The heights of local commerce
Ecovillager Angel Orozco and his partners in Cafecito Orgánico have opened a new storefront at Hoover and Bellevue, just under the 101 freeway from LAEV. It’s about a 20 minute walk from here, and a 5-8 minute bike ride.
With ample patio seating and a simple operation indoors, this new coffee shop really adds to the neighborhood. I visited twice last Friday, once to meet with other ecovillagers and talk policy, and once to meet with activist friends and work on a bike project. Each time I noticed plenty of traffic through the shop, with stroller-pushing families, dogwalkers, and scruffy Silverlake dwellers all feeding their need for organic, LA-roasted coffee.
Our own Dr. Feelgood
There are tasty pastries too.
534 N. Hoover St.,
Los Angeles, CA 90026
Mon – Fri 6 am to 6 pm
Sat & Sun 7 am to 6 pm
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As the LATimes just reported, a sea change may be in the works for mobile food culture in LA. Within several weeks, a parking lot at South Alameda Street and Traction Avenue downtown will open to host food trucks several days a week. This follows several years of crackdowns on taco trucks and other mobile food vendors, as reported by http://saveourtacotrucks.org/ and others.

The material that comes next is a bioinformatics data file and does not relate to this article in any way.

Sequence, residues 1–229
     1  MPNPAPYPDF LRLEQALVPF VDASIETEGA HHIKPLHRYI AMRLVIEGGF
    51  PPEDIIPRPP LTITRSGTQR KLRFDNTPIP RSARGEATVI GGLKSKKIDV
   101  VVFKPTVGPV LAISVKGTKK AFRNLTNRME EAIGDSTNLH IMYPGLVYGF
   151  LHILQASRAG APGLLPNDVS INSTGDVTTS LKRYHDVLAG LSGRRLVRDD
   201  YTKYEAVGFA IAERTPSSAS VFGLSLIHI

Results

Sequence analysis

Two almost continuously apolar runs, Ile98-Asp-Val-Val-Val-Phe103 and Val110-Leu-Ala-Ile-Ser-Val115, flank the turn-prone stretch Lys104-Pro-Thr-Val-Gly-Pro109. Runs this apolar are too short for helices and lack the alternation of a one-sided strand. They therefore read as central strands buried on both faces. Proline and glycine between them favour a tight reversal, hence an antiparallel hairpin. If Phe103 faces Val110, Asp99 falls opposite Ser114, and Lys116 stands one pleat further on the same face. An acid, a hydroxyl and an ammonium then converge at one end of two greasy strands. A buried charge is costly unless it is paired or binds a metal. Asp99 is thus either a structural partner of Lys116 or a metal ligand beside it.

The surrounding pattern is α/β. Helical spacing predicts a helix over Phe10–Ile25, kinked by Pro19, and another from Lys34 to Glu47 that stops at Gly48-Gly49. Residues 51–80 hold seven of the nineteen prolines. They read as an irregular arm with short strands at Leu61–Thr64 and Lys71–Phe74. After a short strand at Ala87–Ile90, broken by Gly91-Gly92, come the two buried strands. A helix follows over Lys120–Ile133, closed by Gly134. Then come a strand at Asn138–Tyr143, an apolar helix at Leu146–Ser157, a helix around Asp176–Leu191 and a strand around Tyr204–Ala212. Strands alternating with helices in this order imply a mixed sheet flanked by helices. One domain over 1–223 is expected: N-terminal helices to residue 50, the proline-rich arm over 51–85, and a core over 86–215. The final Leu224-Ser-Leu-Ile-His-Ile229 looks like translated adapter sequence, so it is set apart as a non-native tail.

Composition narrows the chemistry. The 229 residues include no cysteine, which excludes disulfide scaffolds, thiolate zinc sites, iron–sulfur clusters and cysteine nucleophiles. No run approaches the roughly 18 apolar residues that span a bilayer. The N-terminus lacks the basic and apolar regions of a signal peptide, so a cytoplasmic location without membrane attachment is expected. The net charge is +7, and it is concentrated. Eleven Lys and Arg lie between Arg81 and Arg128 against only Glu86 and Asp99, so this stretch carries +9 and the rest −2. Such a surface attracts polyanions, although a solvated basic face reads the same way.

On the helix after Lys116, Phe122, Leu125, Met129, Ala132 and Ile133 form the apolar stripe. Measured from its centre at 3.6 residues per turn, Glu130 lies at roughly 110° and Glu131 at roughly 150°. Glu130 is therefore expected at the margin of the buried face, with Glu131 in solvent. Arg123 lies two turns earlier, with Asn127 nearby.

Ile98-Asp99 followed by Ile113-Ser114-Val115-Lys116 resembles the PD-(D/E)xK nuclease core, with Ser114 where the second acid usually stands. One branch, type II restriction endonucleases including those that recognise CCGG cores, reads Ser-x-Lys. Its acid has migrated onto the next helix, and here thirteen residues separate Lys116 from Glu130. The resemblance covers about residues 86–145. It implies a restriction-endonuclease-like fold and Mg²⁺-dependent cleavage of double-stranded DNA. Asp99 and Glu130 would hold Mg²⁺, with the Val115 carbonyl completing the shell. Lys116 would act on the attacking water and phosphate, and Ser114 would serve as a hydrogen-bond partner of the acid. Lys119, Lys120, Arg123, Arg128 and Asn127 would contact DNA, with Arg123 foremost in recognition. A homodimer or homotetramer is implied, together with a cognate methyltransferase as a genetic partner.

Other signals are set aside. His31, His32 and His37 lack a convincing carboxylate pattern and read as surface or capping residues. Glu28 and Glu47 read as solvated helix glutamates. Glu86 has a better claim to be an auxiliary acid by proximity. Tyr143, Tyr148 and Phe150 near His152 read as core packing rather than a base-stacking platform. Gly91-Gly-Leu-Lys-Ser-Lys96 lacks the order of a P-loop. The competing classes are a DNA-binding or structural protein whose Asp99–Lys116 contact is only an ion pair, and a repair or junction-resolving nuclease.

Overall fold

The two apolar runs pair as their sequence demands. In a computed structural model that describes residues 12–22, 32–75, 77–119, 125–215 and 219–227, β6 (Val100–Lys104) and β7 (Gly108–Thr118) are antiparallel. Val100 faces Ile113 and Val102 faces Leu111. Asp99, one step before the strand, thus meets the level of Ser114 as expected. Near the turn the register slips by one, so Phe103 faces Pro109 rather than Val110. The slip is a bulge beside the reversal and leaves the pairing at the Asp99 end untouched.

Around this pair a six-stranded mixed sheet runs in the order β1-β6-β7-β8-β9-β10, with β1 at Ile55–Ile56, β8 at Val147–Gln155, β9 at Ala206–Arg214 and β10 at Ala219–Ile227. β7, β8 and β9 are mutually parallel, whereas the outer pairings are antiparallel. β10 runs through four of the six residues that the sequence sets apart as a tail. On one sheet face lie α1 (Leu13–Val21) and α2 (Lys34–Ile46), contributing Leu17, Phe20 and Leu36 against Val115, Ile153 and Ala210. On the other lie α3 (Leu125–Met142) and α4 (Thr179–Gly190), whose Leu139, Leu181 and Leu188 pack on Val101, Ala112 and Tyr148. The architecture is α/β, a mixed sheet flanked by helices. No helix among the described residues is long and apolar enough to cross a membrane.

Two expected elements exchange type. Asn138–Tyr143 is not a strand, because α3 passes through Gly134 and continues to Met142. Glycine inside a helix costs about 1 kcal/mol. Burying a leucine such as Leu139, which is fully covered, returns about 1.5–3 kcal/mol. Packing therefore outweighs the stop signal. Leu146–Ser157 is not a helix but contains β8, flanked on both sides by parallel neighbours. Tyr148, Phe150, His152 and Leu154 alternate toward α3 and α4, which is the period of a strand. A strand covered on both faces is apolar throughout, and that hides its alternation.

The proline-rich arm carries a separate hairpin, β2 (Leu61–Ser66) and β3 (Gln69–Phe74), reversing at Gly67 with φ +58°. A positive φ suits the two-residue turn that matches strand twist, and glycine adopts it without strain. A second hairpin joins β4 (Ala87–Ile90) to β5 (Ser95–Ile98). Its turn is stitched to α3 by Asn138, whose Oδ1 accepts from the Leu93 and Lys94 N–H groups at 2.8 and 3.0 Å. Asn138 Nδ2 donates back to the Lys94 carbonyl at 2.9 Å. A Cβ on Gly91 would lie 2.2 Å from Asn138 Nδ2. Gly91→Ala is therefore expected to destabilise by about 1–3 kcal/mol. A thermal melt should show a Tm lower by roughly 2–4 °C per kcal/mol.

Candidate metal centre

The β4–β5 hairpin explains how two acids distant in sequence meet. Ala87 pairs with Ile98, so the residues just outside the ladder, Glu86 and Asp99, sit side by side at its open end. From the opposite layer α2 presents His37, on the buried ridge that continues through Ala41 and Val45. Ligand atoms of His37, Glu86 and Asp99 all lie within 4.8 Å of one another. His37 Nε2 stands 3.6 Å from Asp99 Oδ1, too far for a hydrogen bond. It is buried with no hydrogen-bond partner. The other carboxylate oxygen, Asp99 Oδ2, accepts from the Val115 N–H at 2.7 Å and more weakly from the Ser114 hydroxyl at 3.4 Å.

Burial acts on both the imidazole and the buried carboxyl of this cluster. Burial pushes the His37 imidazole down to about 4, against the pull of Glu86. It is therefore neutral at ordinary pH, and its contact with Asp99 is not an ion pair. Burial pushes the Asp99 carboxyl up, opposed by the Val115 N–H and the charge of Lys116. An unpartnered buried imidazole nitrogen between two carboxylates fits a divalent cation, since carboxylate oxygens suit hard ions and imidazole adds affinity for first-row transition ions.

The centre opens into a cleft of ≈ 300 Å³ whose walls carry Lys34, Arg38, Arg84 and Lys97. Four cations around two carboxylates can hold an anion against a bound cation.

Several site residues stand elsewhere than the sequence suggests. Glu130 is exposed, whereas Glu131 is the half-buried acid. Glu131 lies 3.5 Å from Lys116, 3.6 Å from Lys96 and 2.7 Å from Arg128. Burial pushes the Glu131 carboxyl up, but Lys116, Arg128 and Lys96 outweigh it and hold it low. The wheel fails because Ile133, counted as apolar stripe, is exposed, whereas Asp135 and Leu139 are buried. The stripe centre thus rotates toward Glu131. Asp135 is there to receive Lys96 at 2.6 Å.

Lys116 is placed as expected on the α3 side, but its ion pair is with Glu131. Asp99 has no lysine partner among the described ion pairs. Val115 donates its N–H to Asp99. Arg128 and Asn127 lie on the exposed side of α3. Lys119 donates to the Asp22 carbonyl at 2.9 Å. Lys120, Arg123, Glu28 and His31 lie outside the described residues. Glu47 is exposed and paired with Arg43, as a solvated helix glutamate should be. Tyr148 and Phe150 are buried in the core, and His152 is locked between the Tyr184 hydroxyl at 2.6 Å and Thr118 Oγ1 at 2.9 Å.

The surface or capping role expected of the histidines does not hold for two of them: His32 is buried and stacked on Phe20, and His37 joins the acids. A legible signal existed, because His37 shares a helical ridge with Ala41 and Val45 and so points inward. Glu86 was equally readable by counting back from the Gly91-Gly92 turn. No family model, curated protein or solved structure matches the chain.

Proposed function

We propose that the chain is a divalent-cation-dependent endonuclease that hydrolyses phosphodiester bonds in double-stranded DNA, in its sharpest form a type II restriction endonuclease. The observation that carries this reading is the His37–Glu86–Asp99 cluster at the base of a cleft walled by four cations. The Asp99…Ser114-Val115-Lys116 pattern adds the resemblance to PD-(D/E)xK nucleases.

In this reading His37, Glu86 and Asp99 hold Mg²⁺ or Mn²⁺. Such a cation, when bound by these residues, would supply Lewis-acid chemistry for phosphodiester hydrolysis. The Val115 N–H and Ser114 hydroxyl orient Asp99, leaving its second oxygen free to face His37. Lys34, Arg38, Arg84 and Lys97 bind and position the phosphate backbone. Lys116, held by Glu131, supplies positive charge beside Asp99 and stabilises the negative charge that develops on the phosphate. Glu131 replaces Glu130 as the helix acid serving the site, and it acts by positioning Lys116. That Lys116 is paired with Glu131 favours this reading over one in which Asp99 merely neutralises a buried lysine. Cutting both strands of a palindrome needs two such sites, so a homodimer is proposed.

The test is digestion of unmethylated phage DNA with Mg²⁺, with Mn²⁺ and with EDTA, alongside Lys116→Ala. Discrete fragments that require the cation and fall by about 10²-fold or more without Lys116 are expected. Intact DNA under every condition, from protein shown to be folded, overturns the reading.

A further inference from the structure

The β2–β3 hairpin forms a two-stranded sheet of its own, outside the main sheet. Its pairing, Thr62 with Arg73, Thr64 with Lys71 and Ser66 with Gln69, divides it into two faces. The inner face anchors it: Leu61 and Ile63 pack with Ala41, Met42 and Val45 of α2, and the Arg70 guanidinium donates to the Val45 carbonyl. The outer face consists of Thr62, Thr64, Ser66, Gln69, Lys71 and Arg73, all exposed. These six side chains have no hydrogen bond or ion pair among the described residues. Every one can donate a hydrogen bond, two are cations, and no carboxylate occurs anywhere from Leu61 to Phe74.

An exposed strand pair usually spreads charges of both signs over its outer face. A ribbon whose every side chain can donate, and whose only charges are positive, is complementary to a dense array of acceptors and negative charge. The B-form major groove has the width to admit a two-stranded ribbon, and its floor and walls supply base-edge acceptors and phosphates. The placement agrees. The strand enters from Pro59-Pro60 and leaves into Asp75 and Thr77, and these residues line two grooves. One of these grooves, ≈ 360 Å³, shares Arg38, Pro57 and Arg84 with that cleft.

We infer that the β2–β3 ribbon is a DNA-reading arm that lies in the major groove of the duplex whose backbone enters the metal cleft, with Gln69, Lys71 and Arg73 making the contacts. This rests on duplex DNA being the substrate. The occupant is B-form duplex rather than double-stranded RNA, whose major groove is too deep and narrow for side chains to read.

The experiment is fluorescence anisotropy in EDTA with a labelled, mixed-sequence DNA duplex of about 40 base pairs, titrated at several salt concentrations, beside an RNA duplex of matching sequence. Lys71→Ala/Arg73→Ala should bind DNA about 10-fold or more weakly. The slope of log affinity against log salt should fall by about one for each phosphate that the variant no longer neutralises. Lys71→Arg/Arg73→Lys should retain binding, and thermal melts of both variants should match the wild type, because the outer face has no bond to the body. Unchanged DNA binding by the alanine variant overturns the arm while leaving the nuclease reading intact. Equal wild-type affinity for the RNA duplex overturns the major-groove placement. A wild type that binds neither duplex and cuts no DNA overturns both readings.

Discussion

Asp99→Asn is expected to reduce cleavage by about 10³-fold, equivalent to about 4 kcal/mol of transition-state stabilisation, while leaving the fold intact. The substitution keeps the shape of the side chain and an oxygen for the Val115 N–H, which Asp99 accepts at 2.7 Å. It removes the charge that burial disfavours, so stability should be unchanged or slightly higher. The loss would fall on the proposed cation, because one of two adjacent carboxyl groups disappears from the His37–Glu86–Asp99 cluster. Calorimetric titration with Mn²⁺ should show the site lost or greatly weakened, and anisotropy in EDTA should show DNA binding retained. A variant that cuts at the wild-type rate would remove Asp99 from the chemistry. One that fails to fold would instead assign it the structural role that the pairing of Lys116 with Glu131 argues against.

Why is this relevant to the LAEV neighborhood and community? For one thing, our neighborhood is full of vendors, mostly Latino, selling food on the street, both licensed (selling out of officially permitted trucks), and illicit (selling off tables, shopping carts, and small portable grills). The crackdown on legal food trucks, which involved forcing them to move ever 30 to 60 minutes, essentially amounted to a crackdown on a specific aspect of Latino culture by driving a major food tradition illegal and underground. I hope that this food truck court indicates a willingness on the City of LA’s part to acknowledge that the practice of street food deserves a place in this city.
Additionally, I’m fascinated by the growth of so-called ‘fusion’ food trucks, mixing the various food cultures from the area (Korean tacos, Mediterranean falafel burritos, etc). I have sadly seen these trucks harassed and driven out of several neighborhoods around LA (frequently before I even got to try their food, perhaps part of my bitterness). One of the main reasons I love our neighborhood is that I can walk 6 blocks or less to get food from at least 5 major world cultures, and I’m excited that this mix is creating something new.
As usual, we are following far behind in the tracks of Portland, a city whose transit, bike, and food cultures make me wish I liked rain more, but any more in the direction of better transit and better food makes me happy. Expo line, anyone?
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